Ennio Morricone's music has had a recent revival in film due to Quentin Tarantino who takes great pride in the music selected for his films. The tracks are used from older films, but Tarantino has his music played in both Kill Bills, Death Proof, Inglourious Basterds, and Django Unchained. He received his first Academy Award nomination in 1979 for the score to Days of Heaven. He has been nominated several times, and eventually was awarded an Honorary Academy Award in 2007. He was presented with the award with most appropriately, Clint Eastwood who said at the ceremony, "for his magnificent and multifaceted contributions to the art of film music." With the statuette came a standing ovation.
Four scores by Ennio Morricone were nominated by the American Film Institute for an honored place in the AFI's Top 25 Best American Film Scores of All Time. His score for the Mission was ranked 23rd in the Top 25 list. Also nominated, Once Upon a Time in the West, Once Upon a Time in America, and The Untouchables.
21. Howard Shore
The Lord of the Rings, Silence of the Lambs, Twilight, Gangs of New York, and Ed Wood... all composed by Howard Shore. What really is his biggest claim to fame is composing for The Lord of the Rings and the Hobbit franchise. As memorable as the visuals, story, actors, Mordor, and the like are... the music helped create a big part of the storyworld. Can you really imagine The Lord of the Rings without it's music? Doesn't some of the melodies wake something up inside of you for adventure... or sadness at the coming of age. He won three academy awards, all for Lord of the Rings. The best original song "Into the West" is an award he shared with Eurthmics lead vocalist Annie Lennox (you know, the Sweet Dreams singer).
Since 2004, he has toured the world conducting local orchestras in the performance of his symphonic arrangement of his Lord of the Rings scores.
Shore studied at the acclaimed Berklee College of Music in Boston. He first started his career in a jazz fusion band. Shore eventually ended up as the musical director for Saturday Night Live, and appeared in many musical sketches including Howard Shore and His All-Nurse Band. He dressed as a beekeeper for a John Belushi and Dan Aykroyd performance of the Slim Harpo classic "I'm a King Bee."
His first film score was for David Cronenberg's The Brood. Shore is married to Elizabeth Cotnoir, a writer, producer and documentary filmmaker. He has a daughter, Mae.
*Uncle of composer Ryan Shore.
*In 2004, a new rule for the Academy Awards that disallowed film scores, which contained work from previous films resulted in the score to The Lord of the Rings: The Two Towers (2002) being ineligible for submission to the Academy. The new rule proved very unpopular with both Academy members and the general public - and had it been present in years past, would have invalidated many other nominated scores, such as the "Star Wars" and "Indiana Jones" sequels. Because of the debacle, the Academy returned to its original position for future years' films.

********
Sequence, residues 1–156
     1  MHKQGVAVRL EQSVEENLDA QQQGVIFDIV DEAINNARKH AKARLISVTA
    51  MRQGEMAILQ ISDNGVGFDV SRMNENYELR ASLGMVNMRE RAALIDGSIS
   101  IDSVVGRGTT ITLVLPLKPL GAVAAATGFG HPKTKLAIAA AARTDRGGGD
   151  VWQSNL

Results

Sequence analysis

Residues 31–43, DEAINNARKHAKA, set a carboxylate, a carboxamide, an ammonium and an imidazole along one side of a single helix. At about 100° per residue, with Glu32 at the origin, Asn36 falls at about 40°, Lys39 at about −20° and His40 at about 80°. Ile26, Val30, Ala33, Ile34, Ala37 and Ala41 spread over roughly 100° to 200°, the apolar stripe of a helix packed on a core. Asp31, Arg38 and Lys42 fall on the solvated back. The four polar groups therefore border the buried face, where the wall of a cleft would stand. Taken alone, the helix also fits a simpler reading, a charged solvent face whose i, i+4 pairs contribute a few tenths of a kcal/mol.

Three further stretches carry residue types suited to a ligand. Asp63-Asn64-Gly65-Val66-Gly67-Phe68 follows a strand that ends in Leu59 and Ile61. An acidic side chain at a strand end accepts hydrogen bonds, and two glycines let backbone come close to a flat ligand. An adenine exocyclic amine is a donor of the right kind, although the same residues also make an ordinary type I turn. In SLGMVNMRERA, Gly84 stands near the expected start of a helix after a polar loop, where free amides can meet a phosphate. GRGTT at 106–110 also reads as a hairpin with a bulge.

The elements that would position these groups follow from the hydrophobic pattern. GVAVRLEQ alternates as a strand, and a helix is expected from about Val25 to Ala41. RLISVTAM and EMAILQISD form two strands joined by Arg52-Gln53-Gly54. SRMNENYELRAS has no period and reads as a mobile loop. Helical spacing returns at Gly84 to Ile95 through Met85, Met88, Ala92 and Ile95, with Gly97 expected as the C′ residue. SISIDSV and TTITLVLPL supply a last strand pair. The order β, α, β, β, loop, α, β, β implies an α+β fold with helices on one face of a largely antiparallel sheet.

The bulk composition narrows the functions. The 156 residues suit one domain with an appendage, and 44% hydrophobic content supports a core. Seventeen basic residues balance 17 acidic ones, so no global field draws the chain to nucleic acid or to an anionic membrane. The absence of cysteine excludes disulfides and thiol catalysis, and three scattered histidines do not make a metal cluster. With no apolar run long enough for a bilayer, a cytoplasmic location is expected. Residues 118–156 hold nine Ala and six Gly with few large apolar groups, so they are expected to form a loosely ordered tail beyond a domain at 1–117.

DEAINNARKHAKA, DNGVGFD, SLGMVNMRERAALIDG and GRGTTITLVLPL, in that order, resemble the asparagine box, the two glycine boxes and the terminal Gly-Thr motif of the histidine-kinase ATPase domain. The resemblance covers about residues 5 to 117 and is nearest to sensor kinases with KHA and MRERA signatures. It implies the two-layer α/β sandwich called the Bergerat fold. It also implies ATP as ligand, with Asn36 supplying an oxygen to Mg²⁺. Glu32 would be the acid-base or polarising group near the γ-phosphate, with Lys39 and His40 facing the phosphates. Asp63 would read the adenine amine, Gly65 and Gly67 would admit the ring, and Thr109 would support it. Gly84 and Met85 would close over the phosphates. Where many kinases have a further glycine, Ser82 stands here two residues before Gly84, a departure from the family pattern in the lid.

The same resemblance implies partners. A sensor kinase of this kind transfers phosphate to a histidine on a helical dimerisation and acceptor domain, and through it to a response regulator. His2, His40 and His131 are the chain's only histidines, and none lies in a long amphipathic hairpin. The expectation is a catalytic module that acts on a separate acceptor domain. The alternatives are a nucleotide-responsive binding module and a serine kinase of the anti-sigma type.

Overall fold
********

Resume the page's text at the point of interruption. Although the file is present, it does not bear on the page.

*Only composer besides Danny Elfman to work with Tim Burton.
*Helped Dan Aykroyd and John Belushi create the Blues Brothers Band.
20. Nino Rota
There's good reason The Godfather (in both its first two parts) is, perhaps, the greatest American film of all time. It captures so much of the American spirit, the crime world we live parallel to, the incredible plot, and the root that goes all the way, center stage to... being family. Nino Rota had the task of writing a score to this already flawless cast, director, script, perfect pink-himalaya-salted-piece-of-chocolate.
He got the Academy Award for the best original score for The Godfather Part II in 1974. His first film score debut was in 1933 for Italian film Treno popolare. (This was the time of King Kong.) He did the scores for two different Shakespeare films in the '60s, Taming of the Shrew and Romeo and Juliet, both directed by Franco Zeffirelli. I recommend listening to the score of Romeo and Juliet. Unfortunately, Nino only lived a shy 67 years. He died in 1979, only a handful of years after The Godfather duo.
Nino was an Italian composer and most of his career was spent with Italian film directors. His birth name was Giovanni Rota Rinaldi. He was a child prodigy composing music as early as 11 years of age. He also had a heart for literature, receiving a degree from the University of Milan in 1937. He spent sometime in the U.S. before working at Curtis Institute of Philadelphia. He also wrote a thesis on Renaissance composer Gioseffo Zarlino.
Federico Fellini had this to say about his long time friend and workmate, "He had a geometric imagination, a musical approach worthy of celestial spheres. He thus had no need to see images from my movies. When I asked him about the melodies he had in mind to comment one sequence or another, I clearly realized he was not concerned with images at all. His world was inner, inside himself, and reality had no way to enter it."
19. Hiroki Kikuta
One of the most beautiful compositions made in my lifetime is the theme to classic video game Secret of Mana. Hiroki Kituka earned a degree in religious studies, philosophy, and cultural anthropology. In 1991, Hiroki was hired by Square as a composer. At the interview, Nobuo Uematsu was fond of the composer because the two both shared a love of progressive rock. Hiroki started off debugging Final Fantasy 4 and creating sound effects for Romancing Saga. While at Squaresoft, he only composed for three games: Secret of Mana, Seiken Densetsu 3, and Soukaigi. He spent nearly 24 hours a day in his office working on the Secret of Mana soundtrack, alternating between composing and editing.